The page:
This was an area of the yard I reclaimed from some nasty weeds using the lasagna bed (or sheet composting) method.
You can see how nasty the weeds behind it were. I chopped the worst of them down with a weed whacker but then just papered right over the top of them.
This award-winning (or, um, not) shot, taken in a rain storm from my living room, apparently through the window and the screen, show the area well papered, partly covered in straw. I later added soaked alfalfa cubes I purchased at a feed store (grass clippings would have been just as good) and some finished compost on top to get it “cooking.”
After you’ve got the paper down, you want to throw on anything you would throw into a compost pile and roughly alternate “browns” and “greens.” Wait a season, throw on some finished compost or maybe a little topsoil and go for it. The benefit of this method is that you don’t have to start by removing the existing material because the paper smothers it all. Grass can technically be turned under into a bed, but I think it’s a lot easier to just get rid of it all together. Weeds are another story. Those little suckers will come back to haunt you, so ideally you’ll pull out all the big ones and you’ll have plenty of years of ridding yourself of the smaller ones, but eventually you’ll get through it.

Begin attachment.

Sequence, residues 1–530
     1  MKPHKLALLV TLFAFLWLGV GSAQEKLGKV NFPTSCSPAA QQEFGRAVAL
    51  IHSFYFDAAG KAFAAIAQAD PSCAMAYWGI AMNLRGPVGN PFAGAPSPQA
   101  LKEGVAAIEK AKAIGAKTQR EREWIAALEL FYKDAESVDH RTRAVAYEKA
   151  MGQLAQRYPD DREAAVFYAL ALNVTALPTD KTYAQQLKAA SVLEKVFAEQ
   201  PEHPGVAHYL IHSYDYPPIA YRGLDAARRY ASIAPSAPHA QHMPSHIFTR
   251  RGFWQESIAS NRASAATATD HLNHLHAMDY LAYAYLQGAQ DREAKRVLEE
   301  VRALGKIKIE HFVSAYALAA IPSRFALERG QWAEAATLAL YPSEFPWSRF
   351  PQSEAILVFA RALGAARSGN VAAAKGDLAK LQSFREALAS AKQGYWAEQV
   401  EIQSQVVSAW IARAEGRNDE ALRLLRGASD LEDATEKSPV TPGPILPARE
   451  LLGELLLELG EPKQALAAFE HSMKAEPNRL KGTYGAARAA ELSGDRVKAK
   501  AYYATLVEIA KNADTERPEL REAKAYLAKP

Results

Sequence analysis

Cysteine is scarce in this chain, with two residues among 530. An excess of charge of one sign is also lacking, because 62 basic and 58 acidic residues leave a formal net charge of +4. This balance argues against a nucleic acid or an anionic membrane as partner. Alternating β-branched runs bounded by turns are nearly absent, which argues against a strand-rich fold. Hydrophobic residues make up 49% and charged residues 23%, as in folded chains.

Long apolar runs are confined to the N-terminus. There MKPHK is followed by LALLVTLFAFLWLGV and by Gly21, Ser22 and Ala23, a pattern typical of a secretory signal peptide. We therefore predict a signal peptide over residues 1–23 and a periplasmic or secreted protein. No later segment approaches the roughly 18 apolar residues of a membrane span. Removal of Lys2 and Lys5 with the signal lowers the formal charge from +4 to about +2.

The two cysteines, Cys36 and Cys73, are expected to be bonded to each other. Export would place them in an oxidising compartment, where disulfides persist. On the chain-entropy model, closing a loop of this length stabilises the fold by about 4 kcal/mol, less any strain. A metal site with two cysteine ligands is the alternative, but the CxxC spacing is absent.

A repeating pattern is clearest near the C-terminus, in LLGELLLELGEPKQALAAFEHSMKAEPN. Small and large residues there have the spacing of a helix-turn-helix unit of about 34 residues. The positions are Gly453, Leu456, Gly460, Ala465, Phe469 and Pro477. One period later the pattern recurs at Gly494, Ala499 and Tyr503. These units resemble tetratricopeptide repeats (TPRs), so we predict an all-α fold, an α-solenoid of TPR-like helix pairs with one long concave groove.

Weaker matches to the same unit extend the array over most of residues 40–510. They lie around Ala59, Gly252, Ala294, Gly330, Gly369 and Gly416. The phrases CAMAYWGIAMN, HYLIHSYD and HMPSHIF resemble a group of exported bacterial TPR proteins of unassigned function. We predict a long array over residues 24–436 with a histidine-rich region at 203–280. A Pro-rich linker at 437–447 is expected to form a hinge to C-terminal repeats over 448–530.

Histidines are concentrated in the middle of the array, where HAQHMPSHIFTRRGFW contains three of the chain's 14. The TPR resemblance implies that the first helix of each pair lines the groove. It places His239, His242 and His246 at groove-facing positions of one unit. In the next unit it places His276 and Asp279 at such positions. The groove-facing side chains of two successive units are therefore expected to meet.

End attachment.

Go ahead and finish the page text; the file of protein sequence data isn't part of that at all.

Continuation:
Gardening purists might tell you to double dig. This will certainly create a lovely garden bed. And probably be a great workout because it’s a ton of work. To double dig a bed you want to 1. Dig a trench that is 18 inches deep and about a foot wide (pitch the dirt to the end of the bed because you’ll need it at the end). 2.) Dig another trench right next to the first one, but throw the dirt from it into the first trench. As you go, throw in some compost. 3.) Repeat until you’ve done the whole bed, when you can put the dirt from the first trench in. Tired yet?
And, of course, you can rototill, but you’ll be killing a lot of great little critters in your soil in the process: earthworms and the little beneficial fungi called mychorrizae to name two. And consider that it’s likely that you’ll spend the rest of your gardening life trying to get those things back INTO the soil, why not start your relationship with them off on the right foot?
Once you get your garden all fluffed up, you’re ready to plant and that’s when the fun really starts.
For more Gardening Goodness and other fabulous DIY articles, visit Erin at her site: The Impatient Gardener.